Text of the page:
Skin Health

Head To Toe Sun Protection Tips

You already know why protecting your skin from harmful UV rays is so important—or else you wouldn’t be reading this article. Just to remind you, according to research from New York University’s Langone Medical Center, one in 5 Americans are diagnosed with skin cancer during one lifetime—and 90-percent of all skin cancers are UV-related basal and squamous cell carcinoma as well as melanomas.

Here are 10 sun protection tips to shield every inch of your body safe from harmful effects of the sun—from head to toe…

Scalp

Let’s start at the top and work our way down. The scalp (or top of the head) is prone to skin cancer because it has little fat than fleshier areas on the body. This is why wearing a hat for protection is so important. If you don’t want to get sunscreen in your locks, use spray on brands or dip a cotton swab in SPF lotion and dab it through your hair part. Or better yet, put on a wide brim hat, not only will this protect your scalp, but also your ears, face, and neck.

Ears

Don’t forget your ears, especially since hot summer days have many women putting their hair up and exposing their ears to harmful UV rays. Remember, a hat helps to shield the scalp, ears, and face from full on sun.

Face

Sun spots, crow’s feet, fine lines, and worse, basal and squamous cell carcinomas are prone to appear on the face due to excess sun exposure. Even if your moisturizer or concealer contains a modest amount of SPF, you should still apply a lightweight, waterproof sunscreen for adequate sun protection.

Lips

Yes, SPF is available in lip balm too! It keeps your kissers moisturized, unlike lipsticks or lip-gloss, which can create a mirror effect and intensify sun damage over time.

Eyes

Individuals prone to eye sensitivity may want to purchase a face-specific sunscreen, containing zinc oxide or titanium dioxide, for less face and eye irritations. A dark pair of sunglasses outfitted with UV protection will also protect those peepers from eye damage (i.e., cataracts) caused by the sun.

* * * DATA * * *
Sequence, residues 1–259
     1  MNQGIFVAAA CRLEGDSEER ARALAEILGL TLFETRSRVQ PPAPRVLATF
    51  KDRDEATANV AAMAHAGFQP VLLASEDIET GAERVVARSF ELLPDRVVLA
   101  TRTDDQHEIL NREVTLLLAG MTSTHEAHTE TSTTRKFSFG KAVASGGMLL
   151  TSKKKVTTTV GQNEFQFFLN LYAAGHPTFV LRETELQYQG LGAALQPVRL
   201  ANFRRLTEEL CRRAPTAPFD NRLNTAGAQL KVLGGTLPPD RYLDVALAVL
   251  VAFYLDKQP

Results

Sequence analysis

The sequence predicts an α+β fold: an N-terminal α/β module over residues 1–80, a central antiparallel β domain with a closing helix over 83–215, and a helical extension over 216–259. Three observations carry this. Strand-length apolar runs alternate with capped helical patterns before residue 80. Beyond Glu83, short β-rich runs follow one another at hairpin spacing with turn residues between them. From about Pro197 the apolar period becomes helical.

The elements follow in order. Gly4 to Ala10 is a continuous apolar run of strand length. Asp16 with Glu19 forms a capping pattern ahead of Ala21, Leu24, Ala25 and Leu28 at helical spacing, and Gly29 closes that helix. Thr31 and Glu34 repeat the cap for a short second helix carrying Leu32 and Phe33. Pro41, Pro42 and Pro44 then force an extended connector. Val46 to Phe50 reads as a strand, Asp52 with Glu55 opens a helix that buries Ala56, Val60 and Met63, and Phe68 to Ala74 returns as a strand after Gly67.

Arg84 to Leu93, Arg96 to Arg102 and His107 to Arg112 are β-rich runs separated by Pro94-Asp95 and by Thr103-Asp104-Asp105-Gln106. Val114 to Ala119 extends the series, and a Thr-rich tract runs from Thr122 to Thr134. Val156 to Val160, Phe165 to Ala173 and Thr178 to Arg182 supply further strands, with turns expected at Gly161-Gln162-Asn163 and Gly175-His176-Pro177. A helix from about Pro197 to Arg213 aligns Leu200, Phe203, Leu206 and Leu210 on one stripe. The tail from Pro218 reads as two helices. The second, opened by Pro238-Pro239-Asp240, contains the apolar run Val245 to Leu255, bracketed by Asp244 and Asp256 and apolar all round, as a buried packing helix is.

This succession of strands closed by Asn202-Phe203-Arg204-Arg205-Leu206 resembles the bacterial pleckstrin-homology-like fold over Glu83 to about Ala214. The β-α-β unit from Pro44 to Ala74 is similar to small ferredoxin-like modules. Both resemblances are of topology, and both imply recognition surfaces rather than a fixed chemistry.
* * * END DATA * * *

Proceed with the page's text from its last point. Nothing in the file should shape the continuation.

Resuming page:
Neck

When we apply sunscreen the neck often gets left slathered. However, this sensitive spot doesn’t have much fatty tissue to protect the chin, neck, and upper chest from sunspots, aged skin, sunburn, and skin cancer.

Arms

The arms are often exposed in tank tops, t-shirts, strappy dresses, and bathing suits if you’re poolside a lot in the summertime, making the arms prime real estate for questionable moles, which can develop into melanomas over time. Before leaving the house, slather on SPF sunscreen all over after your shower or ask a friend for help with areas you can’t reach (backs of arms).

Back

Don’t be embarrassed to ask a partner or friend to, “get your back” for you at the beach. Sunscreen sprays often provide the most coverage if you do your first coat at home. Studies from Mount Sinai Hospital in New York show that men are more prone to back melanoma compared to women because they go topless more often.

And remember, you will sweat of sunscreen throughout the day or in the water so reapply often. Make sure to use at least 1 to 2-teaspoons for adequate coverage.

Legs

Well men risk more sun damage on their backs, women are more prone to sun damage on the legs as they flaunt those gams in short shorts, sundresses, and bikinis. Don’t forget to cover both the front and backs, upper and lower portions of your legs thoroughly with sunscreen. Each leg needs 2-teaspoons of sunscreen.

Feet

We’ve all forgotten to slather sunscreen on our tootsies only to end up with burnt toes where our sandals don’t offer coverage. The tops of the feet are prime real estate for melanoma—for this exact reason!

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Catherine Roberts

Catherine is our go-to writer for women’s health news, diet trends and more. She’s dedicated to providing Activebeat readers with the information they need to maintain a healthy lifestyle every day.

Dr. Jenny Liu, MD

Dr. Jenny Liu, MD

Dr. Jenny Liu is a board-certified dermatologist and an assistant professor in the Twin Cities. Her academic interests are complex medical dermatology, ethnic dermatology and medical education. She uses her blog and Instagram (@derm.talk) to educate others on all things dermatology and share her own tips and tricks regarding skin care.

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